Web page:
DC Insiders Really Don’t Think Most Americans Know Very Much About Politics, Research Shows

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capitol-buildingWe’ve heard a lot about the divide between Washington elites and the rest of the country this election season. Just weeks from Election Day, a pair of Johns Hopkins political scientists are weighing in with new findings that show the gap is real.

Jennifer Bachner and Benjamin Ginsberg found that Washington insiders tend to think most Americans are uninformed, and have opinions that can be ignored. The gleaned the results from a 2013 study of 850 non-elected officials in Washington. They think it’s mostly a result of the fact that people who run America don’t live like most of the country.

“Official Washington is wealthier, whiter, and better educated than ordinary citizens,” the authors write, according to the JHU Hub. “It lives in its own inside-the-Beltway bubble, where Washingtonians converse with one another and rarely interact on an intellectual plane with Americans at large.”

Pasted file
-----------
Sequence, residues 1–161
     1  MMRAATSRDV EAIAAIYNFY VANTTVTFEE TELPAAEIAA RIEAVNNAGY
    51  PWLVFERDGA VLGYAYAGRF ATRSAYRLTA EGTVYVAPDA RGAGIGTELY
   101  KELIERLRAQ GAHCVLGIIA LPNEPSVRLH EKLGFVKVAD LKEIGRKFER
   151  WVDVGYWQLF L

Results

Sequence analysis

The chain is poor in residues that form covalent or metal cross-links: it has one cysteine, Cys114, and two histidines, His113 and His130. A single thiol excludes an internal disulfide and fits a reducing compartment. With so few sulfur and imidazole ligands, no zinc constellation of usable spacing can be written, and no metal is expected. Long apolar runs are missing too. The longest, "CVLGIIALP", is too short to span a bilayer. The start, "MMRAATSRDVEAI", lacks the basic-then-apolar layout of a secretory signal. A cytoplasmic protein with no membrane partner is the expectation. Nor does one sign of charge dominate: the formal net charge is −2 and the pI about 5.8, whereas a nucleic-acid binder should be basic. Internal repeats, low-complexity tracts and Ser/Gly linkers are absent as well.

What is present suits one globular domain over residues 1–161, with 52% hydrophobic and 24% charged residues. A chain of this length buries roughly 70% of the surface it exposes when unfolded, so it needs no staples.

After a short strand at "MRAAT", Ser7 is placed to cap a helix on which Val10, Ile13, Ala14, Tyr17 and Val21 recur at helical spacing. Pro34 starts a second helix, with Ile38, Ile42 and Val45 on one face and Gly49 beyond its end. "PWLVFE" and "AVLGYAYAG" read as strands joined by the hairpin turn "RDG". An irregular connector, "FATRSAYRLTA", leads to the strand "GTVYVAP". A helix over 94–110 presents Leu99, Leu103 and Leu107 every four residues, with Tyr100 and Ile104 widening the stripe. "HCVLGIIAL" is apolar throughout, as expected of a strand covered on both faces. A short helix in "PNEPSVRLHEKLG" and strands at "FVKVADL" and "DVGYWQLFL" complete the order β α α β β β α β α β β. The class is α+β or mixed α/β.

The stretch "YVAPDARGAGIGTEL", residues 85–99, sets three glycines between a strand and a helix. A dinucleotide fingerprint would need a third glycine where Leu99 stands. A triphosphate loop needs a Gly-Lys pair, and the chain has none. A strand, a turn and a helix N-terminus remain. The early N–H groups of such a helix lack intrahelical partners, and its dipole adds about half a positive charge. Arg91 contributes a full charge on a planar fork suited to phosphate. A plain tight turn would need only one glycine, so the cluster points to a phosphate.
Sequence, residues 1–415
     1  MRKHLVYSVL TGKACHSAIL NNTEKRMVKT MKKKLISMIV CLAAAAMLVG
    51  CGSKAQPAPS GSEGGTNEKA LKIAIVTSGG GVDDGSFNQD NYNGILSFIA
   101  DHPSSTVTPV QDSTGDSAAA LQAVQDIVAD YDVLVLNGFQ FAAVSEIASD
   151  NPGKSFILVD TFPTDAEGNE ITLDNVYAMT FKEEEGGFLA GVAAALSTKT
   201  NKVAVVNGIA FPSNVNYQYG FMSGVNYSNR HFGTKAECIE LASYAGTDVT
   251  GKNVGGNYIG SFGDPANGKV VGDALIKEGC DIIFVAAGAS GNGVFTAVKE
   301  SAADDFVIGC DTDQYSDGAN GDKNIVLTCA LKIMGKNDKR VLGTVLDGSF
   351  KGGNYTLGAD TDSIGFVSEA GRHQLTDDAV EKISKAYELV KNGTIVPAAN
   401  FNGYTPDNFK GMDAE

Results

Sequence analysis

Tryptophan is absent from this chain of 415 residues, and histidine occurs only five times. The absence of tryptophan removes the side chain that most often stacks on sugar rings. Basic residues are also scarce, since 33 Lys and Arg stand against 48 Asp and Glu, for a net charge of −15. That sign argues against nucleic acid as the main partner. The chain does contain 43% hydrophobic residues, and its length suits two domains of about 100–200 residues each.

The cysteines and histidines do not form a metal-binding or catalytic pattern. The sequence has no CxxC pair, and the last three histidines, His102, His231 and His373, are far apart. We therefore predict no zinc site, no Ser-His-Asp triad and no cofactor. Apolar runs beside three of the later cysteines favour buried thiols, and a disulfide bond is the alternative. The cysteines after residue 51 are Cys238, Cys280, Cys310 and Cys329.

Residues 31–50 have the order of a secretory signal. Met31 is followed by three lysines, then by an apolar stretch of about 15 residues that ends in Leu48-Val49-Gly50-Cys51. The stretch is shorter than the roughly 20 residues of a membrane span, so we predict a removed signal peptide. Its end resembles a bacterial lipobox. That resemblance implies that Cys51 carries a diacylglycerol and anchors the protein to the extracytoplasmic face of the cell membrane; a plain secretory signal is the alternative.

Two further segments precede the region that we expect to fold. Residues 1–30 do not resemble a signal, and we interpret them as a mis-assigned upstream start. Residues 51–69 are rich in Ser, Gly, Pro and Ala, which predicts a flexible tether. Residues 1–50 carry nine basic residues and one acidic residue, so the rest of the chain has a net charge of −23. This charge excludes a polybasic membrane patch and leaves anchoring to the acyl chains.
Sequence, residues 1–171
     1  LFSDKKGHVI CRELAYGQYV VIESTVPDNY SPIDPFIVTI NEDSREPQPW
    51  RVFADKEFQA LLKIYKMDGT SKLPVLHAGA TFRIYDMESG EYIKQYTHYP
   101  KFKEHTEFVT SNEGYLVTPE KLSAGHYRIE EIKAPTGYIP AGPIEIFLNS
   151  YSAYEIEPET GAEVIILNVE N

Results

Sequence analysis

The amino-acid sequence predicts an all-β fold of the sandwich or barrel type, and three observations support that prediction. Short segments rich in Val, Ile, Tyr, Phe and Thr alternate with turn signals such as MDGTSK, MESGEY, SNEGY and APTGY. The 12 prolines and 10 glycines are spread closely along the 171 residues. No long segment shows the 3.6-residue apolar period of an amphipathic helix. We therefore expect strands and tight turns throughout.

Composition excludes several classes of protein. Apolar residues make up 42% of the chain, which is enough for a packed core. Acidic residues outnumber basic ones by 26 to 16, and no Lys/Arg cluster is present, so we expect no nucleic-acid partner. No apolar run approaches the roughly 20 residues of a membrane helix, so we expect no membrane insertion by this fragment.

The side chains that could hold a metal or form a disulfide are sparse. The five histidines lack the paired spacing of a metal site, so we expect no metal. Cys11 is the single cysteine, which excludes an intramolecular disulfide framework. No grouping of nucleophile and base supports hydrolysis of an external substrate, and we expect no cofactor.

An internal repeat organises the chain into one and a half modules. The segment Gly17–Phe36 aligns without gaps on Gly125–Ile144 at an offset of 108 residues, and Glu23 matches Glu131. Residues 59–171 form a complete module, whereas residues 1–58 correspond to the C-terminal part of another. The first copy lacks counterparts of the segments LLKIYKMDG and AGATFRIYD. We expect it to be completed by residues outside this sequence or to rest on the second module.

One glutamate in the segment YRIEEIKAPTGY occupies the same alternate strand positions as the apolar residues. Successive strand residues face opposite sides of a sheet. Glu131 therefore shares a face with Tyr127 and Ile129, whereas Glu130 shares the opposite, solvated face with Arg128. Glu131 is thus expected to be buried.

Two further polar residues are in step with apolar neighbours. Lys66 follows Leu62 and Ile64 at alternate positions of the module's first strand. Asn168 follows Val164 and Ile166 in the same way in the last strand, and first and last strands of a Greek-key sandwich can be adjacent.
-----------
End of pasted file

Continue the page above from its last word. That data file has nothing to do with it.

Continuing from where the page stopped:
For all that cultural difference, however, there’s not as much disagreement as the insiders think there is. In one of the key findings, about three-quarters of officials thought they disagreed with most Americans about key issues, but the actual number of officials who disagreed with general opinion was only 12 percent.

The findings will be out in a book published Tuesday called What Washington Gets Wrong: The Unelected Officials Who Actually Run the Government and Their Misconceptions about the American People.






Stephen Babcock

Stephen Babcock is the editor of Technical.ly Baltimore and an editor-at-large of Baltimore Fishbowl.

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